Gore's comeback lost on a unified people
THE TALKING HEADS across America's television networks, still jabbering in overdrive since September 11, like to opine that it will be months and possibly years before the full impact of the terrorist attacks on New York and Washington becomes clear. But already, it seems, one of the hidden casualties will be the political career of Al Gore.
Mr Gore was the vice-president who ran as the Democratic candidate against then Texas governor George W. Bush in the national election last November.
Both weak candidates, they fought the most controversial election in United States history. Mr Gore won the popular vote but lost 5-4 in the crucial judgment by the Justices of the Supreme Court that assured Republican Mr Bush of victory by stopping the counting of disputed votes in the state of Florida.
With Mr Bush's legitimacy in question, Mr Gore was expected to have a powerful weapon to rally Democrat sympathies going into 2004. But less than a month after the terrorist strikes, everything - to quote the cliche of the moment - has changed. The crisis of November last year suddenly looks small.
The supposedly illegitimate Mr Bush is now enjoying approval ratings of 90 per cent, as high as any post-war president. He has delivered the speech of his life - faint praise admittedly - to the US Congress.
And as Americans rally behind the flag and his 'new war' on terrorism, no one is in the mood to laugh at his foreign-policy inexperience either.
Signs of the shift are everywhere. But few are as ironic as the message telegraphed by Mr Gore himself. Last weekend he re-emerged from self-imposed political exile to give what had long been billed as the first speech of his long return.
He choose the mid-western state of Iowa, a pregnant choice given its party candidate selections mark the traditional start of the primary season and the election campaign proper. The crisis, however, compelled him to deliver a most non-traditional speech.
'George W. Bush is my commander-in-chief,' Mr Gore said. 'We are united behind our president, behind our country, behind the effort to seek justice, not revenge, to make sure this can never happen again and to make sure we have the strongest unity in America we have ever had.'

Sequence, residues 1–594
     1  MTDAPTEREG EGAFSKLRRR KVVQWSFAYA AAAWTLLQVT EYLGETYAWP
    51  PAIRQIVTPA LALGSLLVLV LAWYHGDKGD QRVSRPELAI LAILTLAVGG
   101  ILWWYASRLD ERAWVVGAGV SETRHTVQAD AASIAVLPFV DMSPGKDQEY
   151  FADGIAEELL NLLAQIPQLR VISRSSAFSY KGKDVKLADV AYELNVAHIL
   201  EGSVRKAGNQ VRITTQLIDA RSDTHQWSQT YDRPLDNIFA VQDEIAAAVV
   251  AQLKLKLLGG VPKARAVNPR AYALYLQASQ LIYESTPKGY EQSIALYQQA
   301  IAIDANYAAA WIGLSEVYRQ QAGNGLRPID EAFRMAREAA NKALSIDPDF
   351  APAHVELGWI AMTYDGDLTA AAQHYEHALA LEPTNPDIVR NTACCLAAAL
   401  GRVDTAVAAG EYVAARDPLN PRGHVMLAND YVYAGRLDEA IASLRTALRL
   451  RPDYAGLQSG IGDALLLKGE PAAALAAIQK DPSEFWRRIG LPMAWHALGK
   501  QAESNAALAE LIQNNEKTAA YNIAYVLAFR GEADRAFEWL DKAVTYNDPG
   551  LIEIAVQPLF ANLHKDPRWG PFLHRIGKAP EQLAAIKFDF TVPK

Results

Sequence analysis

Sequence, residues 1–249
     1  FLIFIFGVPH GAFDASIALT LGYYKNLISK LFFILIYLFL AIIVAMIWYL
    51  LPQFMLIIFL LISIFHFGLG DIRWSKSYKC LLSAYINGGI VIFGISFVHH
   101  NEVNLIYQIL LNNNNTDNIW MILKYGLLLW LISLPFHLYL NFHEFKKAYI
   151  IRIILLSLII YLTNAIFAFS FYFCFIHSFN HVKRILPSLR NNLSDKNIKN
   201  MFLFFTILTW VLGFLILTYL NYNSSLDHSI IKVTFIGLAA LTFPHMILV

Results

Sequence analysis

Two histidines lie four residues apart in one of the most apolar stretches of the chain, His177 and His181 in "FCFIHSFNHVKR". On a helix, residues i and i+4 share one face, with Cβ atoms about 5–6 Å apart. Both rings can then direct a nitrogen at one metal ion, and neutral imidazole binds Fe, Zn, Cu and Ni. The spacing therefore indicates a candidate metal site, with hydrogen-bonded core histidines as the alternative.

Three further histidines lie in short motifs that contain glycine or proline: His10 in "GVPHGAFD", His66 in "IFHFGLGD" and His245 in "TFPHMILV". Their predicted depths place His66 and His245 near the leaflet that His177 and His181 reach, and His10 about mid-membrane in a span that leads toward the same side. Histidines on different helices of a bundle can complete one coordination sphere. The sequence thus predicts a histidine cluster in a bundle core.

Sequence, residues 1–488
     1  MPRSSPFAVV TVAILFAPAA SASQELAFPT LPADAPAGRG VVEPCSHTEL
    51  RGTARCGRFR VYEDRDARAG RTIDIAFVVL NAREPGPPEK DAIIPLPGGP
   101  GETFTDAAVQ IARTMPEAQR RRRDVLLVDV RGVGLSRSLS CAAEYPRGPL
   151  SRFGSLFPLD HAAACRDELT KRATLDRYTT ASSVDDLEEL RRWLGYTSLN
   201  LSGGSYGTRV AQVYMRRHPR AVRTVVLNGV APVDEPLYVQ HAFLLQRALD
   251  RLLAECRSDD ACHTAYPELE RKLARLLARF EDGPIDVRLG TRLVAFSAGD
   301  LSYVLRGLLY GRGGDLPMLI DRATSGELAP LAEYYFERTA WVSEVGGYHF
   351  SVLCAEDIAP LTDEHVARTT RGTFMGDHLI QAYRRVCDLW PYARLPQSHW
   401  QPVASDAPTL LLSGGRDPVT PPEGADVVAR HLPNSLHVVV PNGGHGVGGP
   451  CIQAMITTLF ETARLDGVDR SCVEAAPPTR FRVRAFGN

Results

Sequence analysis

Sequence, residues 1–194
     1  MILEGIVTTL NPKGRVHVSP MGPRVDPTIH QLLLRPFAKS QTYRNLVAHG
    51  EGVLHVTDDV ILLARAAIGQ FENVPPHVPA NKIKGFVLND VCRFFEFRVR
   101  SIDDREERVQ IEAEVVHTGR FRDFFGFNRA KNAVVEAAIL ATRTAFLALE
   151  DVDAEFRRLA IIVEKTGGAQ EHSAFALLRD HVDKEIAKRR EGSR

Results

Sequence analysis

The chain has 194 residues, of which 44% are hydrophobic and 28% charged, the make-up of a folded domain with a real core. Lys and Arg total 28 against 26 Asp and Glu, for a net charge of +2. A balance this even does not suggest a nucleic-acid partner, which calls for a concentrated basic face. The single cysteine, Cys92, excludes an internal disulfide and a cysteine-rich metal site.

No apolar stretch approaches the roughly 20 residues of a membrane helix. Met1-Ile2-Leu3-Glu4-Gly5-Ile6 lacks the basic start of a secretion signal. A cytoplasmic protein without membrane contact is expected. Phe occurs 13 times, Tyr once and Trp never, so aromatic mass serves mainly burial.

Not that long ago, Mr Gore would have attacked Mr Bush's links to America's big corporation interests - oil and tobacco especially - while billing himself as the saviour of America's poor, sick and working classes. Not this time.
'The country is more united than at any time I can remember in my life,' he said. 'We come together not as partisans but as patriots.'
For cynics who suggest his words may just be more evidence of Mr Gore's shameless ability to pander, it should be remembered that the current mood within the country means such sentiments are by no means unusual.
In fact, it could be argued that he had little choice given anything perceived as criticism right now from a campaigning politician would be suicide.
Once again, timing is working against Mr Gore. The speech comes after some rather unfortunate early efforts to start the long fund-raising haul for 2004, even before September 11. The New York Times, a previous Gore backer, revealed that powerful Democratic donors were less than enthusiastic.
As one who raised US$2 million (about HK$15.5 million) said: 'They want to be with a winner and they just don't believe he can pull it off.'
Through the election, Democrats preferred to talk about Mr Bush's weaknesses rather than Mr Gore's. But now, as expected, the internal recriminations are severe. Putting the contested result aside, the widespread view is that Mr Gore should have easily been able to beat Mr Bush, the least experienced presidential contender in recent history. Mr Gore lacked sincerity and depth and a constantly shifting persona gave the impression of a man who really did not know his own heart. In three televised debates, he presented three different masks, giving an acknowledged poor debater the edge.
The left-wing political journal The Nation recently summed up Mr Gore's future in the minds of many Democrats with a stinging editorial.
'In the eyes of most Democratic voters, Gore was screwed. Too bad. He doesn't know how to mount an effective national campaign,' it wrote. The Nation referred to his concession speech last December - 'It's time for me to go.'
'It is still that time,' it added.
Greg Torode is the Post's Washington correspondent